Monday, June 21, 2010
On this date in 1995, the NHL gave their approval for the sale of the Quebec Nordiques which resulted in their relocation to Denver, Colorado.
Originally founded in 1972 as one of the original 12 WHA franchises, the Nordiques played seven seasons in the WHA, winning the championship once in 1977.
While the league folded following the 1978-79 season, four of the league's strongest and most stable franchises would enter the NHL as "expansion" franchises, which included the Nordiques.
Life in the NHL proved both exciting and difficult. The Nordiques rivalry with Quebec neighbors the Montreal Canadiens provided some of the most intense battles of the 1980's. After missing the playoffs in 1980, the Nordiques made the playoffs for seven consecutive seasons, including a division title in 1986 and a pair of trips to the conference finals in 1982 and 1985.
Sadly for fans of the Nordiques, the club fell on some very hard times after 1987, missing the playoffs six out of the next seven seasons, including a horrid run from 1988-89 to 1991-92 when the club won a total of 75 games, an average of less than 19 per season, including last place finishes in 1988-89, 1989-90 (33 points behind the second worst team, more than the 31 they actually scored!) and 1990-91.
The Nordiques used the resulting draft picks to select players such as Mats Sundin and Adam Foote (1989), Owen Nolan (1990), Eric Lindros (1991), who they converted into Peter Forsberg, Ron Hextall, Chris Simon, Mike Ricci, Steve Duchesne, Jocelyn Thibault and $15 millon, Adam Deadmarsh (1993). This, in addition to the selection of Joe Sakic (15th overall in 1987), gave the Nordiques a very bright future on the ice, as evidenced by their record-setting turnaround from a 52 point season in 1991-92 to a 104 point season in 1992-93, an improvement of 52 points in one year!
Unfortunately, the future did not look the same off the ice. The weak Canadian dollar hampered the bottom line, as the team's revenues came in Canadian dollars but player salaries were paid in US dollars. No doubt the small size of Quebec City worked against the team and the exclusive use of French in the city both hurt it's ability to attract certain players, sponsorships and contracts with radio and TV outlets. It's home arena, the Colisee de Quebec, bulit in 1949 and it's smaller 15,750 capacity also limited the team's finances.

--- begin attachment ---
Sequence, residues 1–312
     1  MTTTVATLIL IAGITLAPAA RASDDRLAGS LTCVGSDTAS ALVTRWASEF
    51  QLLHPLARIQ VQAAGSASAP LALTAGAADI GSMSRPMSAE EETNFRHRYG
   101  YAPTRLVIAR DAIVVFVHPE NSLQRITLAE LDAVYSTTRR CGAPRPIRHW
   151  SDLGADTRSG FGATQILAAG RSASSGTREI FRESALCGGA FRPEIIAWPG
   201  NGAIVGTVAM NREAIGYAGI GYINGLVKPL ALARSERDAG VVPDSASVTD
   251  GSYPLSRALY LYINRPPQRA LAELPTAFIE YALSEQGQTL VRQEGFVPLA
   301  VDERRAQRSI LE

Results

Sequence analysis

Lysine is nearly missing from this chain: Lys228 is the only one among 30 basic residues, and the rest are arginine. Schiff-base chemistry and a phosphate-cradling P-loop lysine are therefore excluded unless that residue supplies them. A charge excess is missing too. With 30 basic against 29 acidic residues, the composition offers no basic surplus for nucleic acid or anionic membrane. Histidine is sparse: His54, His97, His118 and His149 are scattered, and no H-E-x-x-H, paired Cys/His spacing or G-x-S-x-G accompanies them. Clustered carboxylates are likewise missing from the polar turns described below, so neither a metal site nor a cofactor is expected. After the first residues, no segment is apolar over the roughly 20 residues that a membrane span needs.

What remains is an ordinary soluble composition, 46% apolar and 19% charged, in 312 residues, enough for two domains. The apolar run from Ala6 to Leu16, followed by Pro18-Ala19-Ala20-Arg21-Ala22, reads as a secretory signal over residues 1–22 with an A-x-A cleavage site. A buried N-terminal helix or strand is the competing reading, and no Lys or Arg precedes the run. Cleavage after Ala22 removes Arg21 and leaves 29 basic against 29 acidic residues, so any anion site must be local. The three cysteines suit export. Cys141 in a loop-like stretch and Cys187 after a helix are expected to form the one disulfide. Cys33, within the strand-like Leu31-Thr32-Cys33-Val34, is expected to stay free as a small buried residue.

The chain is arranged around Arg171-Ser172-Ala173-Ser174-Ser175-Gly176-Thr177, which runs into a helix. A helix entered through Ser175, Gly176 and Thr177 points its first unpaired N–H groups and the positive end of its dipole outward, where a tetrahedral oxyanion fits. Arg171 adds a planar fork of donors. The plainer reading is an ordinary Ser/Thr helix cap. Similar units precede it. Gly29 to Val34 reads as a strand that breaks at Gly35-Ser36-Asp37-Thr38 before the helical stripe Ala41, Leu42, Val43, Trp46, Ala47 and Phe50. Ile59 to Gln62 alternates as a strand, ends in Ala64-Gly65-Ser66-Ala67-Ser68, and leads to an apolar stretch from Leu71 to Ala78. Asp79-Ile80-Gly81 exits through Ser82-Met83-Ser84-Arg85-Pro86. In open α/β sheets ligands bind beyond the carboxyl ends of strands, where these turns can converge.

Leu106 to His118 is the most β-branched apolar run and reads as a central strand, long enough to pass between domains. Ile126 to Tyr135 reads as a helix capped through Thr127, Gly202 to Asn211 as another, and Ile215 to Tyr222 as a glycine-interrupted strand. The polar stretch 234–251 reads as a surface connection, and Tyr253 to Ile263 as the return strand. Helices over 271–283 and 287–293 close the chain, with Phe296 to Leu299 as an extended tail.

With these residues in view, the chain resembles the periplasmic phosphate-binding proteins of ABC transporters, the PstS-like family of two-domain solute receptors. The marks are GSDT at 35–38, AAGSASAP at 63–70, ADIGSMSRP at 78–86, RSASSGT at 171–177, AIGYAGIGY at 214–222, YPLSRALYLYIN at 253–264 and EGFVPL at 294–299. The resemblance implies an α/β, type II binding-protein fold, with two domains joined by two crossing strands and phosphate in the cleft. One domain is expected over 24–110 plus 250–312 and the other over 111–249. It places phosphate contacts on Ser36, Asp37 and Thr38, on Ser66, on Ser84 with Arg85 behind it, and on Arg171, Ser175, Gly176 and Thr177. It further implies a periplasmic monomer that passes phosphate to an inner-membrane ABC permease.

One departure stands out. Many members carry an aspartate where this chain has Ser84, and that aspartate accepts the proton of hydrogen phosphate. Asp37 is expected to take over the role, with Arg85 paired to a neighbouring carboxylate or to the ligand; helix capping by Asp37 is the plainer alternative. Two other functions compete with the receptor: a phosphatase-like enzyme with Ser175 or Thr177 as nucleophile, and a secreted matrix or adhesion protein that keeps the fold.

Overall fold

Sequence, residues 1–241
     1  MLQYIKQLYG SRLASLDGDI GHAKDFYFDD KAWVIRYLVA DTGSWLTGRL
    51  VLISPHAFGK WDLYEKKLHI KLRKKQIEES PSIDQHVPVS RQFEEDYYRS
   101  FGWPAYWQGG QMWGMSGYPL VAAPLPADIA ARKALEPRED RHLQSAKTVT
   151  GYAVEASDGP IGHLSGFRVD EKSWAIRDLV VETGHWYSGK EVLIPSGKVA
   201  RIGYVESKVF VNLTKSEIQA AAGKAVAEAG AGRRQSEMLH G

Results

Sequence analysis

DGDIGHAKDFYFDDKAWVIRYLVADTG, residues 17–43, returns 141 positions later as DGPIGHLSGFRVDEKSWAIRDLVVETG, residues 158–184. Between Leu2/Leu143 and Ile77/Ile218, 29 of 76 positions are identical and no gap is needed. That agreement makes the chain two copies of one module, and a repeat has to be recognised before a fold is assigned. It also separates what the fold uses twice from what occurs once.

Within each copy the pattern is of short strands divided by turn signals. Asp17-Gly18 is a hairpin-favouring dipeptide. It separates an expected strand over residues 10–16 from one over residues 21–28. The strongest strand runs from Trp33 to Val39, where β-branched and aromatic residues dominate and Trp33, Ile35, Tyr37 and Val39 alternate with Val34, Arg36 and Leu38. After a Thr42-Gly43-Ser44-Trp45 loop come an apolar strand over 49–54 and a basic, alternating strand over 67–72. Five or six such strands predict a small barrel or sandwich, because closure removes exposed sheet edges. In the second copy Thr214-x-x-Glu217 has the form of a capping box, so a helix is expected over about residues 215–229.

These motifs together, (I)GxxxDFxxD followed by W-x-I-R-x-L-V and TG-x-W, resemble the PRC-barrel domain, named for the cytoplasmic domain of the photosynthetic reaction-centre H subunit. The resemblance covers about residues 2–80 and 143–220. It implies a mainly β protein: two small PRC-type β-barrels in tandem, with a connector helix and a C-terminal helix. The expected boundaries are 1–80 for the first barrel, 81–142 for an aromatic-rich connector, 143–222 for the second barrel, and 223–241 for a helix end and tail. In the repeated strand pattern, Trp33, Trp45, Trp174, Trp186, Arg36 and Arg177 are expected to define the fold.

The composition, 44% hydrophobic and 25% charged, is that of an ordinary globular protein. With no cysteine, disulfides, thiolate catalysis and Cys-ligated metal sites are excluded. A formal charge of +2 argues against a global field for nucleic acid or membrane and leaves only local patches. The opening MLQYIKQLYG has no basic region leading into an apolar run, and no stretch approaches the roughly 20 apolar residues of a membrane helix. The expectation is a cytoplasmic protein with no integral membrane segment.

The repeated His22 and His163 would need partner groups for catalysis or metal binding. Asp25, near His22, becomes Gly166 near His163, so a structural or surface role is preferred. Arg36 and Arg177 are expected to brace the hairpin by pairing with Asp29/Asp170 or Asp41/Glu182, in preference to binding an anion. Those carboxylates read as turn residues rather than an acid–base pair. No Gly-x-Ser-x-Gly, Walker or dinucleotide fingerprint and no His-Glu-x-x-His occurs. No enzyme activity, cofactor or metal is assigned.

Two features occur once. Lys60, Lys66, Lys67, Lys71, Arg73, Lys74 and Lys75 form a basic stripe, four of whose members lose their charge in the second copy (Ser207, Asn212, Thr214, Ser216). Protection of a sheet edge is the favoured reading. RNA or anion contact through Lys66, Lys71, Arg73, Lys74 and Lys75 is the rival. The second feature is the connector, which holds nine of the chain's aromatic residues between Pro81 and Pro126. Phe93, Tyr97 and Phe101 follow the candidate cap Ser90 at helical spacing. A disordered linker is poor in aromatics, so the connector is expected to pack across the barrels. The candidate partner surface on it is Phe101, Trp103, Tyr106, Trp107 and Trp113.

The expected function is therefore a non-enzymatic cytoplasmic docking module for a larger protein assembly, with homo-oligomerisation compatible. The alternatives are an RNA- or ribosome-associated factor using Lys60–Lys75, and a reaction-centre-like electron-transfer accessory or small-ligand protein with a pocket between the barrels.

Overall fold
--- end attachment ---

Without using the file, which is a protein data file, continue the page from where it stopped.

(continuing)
Nordiques president Marcel Aubut sought financial help from the Quebec provincial government as well as a new publicly funded arena, which was turned down. Eventually the club was sold to Comsat Entertainment Group, already owners of the Denver Nuggets of the NBA, who relocated the team to Denver, Colorado for the 1995-96 season - a year in which they proceeded to immediately win the Stanley Cup with a roster full of players selected to be Nordiques.
Today's featured jersey is a 1995-96 Quebec Nordiques prototype jersey. The original 1972 Nordiques jerseys used light blue had a considerable amount of red on both the shoulders and waist stripe. The following season the blue was changed to a considerably darker shade and the amount of red was limited to the shoulders on the home jerseys and narrower striping.
The familiar Nordiques style was adopted in 1975 and remained in use through the Nordiques final season in Quebec twenty years later, although a new jersey with a modernized logo was unveiled on March 30, 1995 which was originally intended to be worn by the Nordiques in 1995-96, only it's been reported that the club missed the deadline for approval of the jersey in time for the start of the season and the jersey was now scheduled to become the team's new jerseys for the 1996-97 season, only to see the club relocate to Denver, Colorado, where they would be renamed the Avalanche, leaving the now orphaned jerseys to go forever unworn.
The only known photo of the original jerseys shows (not very thrilled) team executives (or perhaps journalists) modeling the sweaters, failing to show even the full length of the jerseys to reveal the intended waist striping.
None of these jerseys were ever mass produced for retail sale, although some attempts to create them have been made, but none in any great quantities and some less accurate than others.
We've tried to research these jerseys as best we can, but if you have any more details, corrections or additions to our research, feel free to let us know at